Unlike physical products, services cannot be seen, tasted, felt, heard or smelled before purchased. Obviously, opinions and attitudes may be sought beforehand, but a repeat purchase may rely upon previous experience. To reduce uncertainty buyers will look for signs or evidence of service quality. They will draw inferences from place, people, equipment, price, etc. that they see. Therefore the service providers task is to “manage the evidence”, to “tangibilize the intangible”. According to Kotler (2001), Services are essentially intangibles, in which the service marketers are able to manage evidences and visualize the intangible services or the abstract offers. Regan (1963) also introduced the idea of service as activities, benefits or satisfactions which are offered for sale or provided in connection with the sales of goods. The degree of intangibility has been suggested as a means of differentiating tangible products with services.

Inseparability of Services

The other characteristic of service is inseparability. Services are typically produced and consumed simultaneously and often cannot be separated from the person who sales the service. Thus, performing the service occurs at the same time as full or partial consumption of it. Unlike physical goods, services cannot be manufacture, put into inventory, distributed through seller and consumed later. Whereas, services are produced, sold and consumed at the same time. According to Zeithaml (1981), inseparability is taken to reflect the simultaneous delivery and consumption of services.

Variability of Services

Variability of service quality depends on who provides the service, where and when they are provided. Knowing this, service firms can take three steps towards quality control according to Kotler (2001). The first one is that recruiting the right employees and providing them with excellent training regardless of whether they are professionals or low-skilled workers. The second step is standardizing the service performance process throughout the organization. The third and final step is that to monitor customer satisfaction through suggestions, compliant system and customer surveys. Having this in mind, service providers can apply these steps in their organization so as to improve their service provision.

Perishability of Services

Contrasting to physical goods, services cannot be stored and carried forward to the future time period Zeithaml et al. (1985). The perish ability of services is not a problem when demand is steady. When demand fluctuates, service firms have problems.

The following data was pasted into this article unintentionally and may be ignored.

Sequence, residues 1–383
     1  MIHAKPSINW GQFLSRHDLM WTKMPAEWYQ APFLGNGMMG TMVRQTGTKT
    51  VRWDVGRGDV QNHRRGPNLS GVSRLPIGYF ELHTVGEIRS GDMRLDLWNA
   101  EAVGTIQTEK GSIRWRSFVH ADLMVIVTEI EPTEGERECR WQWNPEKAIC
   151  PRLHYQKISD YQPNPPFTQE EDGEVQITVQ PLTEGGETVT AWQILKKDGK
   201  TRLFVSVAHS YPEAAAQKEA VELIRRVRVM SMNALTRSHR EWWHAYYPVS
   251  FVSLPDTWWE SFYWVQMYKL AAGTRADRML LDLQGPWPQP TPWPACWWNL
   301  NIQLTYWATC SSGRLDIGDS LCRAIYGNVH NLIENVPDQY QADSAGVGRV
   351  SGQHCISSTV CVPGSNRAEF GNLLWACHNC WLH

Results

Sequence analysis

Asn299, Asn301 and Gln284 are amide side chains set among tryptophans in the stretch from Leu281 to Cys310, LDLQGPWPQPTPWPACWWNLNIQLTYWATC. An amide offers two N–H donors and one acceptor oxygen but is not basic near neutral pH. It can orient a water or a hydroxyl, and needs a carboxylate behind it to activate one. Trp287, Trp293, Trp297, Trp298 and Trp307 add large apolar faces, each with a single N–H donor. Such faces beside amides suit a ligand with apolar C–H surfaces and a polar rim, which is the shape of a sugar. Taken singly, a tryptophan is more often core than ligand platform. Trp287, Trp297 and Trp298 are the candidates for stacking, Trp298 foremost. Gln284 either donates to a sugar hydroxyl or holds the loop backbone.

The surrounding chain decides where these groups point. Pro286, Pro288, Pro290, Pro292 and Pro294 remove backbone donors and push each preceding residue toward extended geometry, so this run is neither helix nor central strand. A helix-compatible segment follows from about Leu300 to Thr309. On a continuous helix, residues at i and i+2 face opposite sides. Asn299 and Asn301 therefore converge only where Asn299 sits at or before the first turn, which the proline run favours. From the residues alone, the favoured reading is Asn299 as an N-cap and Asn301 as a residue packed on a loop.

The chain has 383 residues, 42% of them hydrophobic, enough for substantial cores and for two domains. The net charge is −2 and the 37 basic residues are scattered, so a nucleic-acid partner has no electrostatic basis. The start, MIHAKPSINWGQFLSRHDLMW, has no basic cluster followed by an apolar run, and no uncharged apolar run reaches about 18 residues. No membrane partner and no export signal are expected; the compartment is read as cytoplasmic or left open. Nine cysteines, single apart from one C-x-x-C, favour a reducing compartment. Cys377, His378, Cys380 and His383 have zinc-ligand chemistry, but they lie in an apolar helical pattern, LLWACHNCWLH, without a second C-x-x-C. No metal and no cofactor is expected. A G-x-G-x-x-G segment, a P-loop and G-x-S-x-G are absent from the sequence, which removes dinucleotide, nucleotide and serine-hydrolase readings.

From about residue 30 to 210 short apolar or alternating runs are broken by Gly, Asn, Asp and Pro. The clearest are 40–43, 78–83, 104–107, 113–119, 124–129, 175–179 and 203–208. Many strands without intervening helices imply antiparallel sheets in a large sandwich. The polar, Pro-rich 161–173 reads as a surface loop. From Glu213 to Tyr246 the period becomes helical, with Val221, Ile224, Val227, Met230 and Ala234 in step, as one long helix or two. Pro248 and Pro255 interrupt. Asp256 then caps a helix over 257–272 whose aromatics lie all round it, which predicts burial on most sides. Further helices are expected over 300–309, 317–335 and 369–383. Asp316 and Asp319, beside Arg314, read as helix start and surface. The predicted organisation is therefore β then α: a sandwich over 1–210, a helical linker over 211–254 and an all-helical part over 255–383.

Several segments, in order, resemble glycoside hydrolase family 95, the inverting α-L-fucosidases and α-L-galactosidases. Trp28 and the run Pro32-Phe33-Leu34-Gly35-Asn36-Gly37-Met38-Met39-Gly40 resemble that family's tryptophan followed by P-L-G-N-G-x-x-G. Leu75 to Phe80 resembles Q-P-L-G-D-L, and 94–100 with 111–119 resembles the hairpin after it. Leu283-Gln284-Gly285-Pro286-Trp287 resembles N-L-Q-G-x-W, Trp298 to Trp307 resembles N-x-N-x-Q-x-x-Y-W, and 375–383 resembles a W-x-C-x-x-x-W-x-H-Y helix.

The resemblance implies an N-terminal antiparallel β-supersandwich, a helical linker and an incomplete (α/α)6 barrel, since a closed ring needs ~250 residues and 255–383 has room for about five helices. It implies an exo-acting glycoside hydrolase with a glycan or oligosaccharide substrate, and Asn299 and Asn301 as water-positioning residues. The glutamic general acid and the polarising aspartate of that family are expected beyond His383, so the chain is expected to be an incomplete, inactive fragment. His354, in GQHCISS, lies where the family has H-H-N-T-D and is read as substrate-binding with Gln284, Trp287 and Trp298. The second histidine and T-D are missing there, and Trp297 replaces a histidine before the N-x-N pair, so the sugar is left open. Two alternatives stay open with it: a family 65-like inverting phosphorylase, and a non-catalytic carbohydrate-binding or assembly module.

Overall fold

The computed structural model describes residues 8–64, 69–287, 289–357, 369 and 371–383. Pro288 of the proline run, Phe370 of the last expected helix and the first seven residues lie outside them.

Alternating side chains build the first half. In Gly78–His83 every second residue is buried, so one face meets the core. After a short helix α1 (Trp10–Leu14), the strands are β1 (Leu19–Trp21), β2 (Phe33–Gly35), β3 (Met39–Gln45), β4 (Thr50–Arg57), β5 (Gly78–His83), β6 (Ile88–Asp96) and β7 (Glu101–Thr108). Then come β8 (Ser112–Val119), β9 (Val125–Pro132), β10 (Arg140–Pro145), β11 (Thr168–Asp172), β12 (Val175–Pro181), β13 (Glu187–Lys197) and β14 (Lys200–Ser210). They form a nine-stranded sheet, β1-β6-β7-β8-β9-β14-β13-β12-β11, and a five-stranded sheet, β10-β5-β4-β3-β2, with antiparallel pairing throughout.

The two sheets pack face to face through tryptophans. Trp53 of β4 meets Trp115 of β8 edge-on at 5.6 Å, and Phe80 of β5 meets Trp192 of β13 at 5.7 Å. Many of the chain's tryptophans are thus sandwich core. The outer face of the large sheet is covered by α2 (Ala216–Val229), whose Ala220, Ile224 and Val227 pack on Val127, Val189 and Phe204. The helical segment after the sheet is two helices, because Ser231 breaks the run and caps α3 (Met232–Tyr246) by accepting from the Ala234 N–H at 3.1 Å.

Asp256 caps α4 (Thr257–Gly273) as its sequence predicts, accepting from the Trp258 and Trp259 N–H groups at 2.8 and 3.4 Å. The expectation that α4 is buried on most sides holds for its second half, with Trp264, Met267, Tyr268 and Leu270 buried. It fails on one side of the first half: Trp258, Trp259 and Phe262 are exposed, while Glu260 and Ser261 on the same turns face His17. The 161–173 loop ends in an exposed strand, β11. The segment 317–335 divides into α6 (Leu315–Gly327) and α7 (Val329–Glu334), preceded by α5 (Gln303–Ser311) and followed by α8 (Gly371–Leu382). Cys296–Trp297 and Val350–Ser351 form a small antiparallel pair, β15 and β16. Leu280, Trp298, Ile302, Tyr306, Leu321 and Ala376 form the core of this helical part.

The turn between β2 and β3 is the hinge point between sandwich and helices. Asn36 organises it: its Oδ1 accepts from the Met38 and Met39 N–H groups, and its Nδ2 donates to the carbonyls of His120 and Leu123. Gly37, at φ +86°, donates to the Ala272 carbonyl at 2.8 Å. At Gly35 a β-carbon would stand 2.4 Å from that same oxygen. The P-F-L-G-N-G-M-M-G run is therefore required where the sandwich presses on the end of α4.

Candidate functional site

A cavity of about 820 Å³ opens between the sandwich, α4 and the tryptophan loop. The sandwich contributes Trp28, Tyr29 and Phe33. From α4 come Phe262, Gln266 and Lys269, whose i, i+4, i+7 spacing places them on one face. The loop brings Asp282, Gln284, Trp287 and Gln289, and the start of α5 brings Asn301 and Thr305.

2.1.3 Service Quality

Researchers have tried to operationalize service quality from different perspectives for different service applications. Authors (Parasuramanet al., 1988) agree that service quality is an abstract concept, difficult to define and measure. Key characteristics of service quality can be difficult to define due to the highly subjective nature of service quality. This is underlined by Deming (1986) when he stated that; quality can be defined only in terms of the agent.‟ In essence; ultimately this means that it is the consumer that will form a judgment about the quality of any given service that they receive”. A further complexity in trying to understand the service quality is its dynamic nature. Firstly, the speed of a consumer’s reaction to service quality is immediate, compared, for example, with the speed of reaction to manufactured goods.

Additionally, because of the immediacy of the consumers’ service quality evaluation, attempting to understand a consumer’s reaction to a future service cannot be ascertained today as consumer needs and expectations continually change. Therefore, the relevant characteristics are those which are important to each individual consumer at a specific point of time (Deming, 1986). This is particularly well summarized by Peters (1985) who stated that; “consumers perceive service in their own unique, idiosyncratic, emotional, irrational, end-of-the-day, and totally human terms. Perception is all there is.”

Nonetheless, in spite of the intangible, difficult to pin down nature of service quality, what can be concluded is that a good service experience will depend on the organization’s ability to understand consumer needs, wants and expectations, and then to deliver service in a way that meets or exceeds those expectations. Several measuring instruments have been developed aiming to capture and explain the service quality dimensions. SERVQUAL has been developed in a series of stages leading to consecutive more refined versions.(parasureman, 1985)

In the most commonly used version (Parasuraman et al., 1988), service quality is calculated as the gap between customer expectations and perceptions, and is characterized by five dimensions namely reliability, responsiveness, assurance, empathy, and tangibles. Parashuraman et al (1985) have found that consumers consider five dimensions in their assessments of service quality: reliability, responsiveness, assurance, empathy and tangibles. These dimensions represent how consumers organize information about service quality in their minds. These five dimensions are explained below.

Tangibility: the physical appearance of the facility which includes materials, equipment and personnel. This enhances the image of the company and provides a more positive image in the way the customer perceives the service. All of these provide physical representations or images of the services that customers‟ particularly new customers‟ will use to evaluate quality.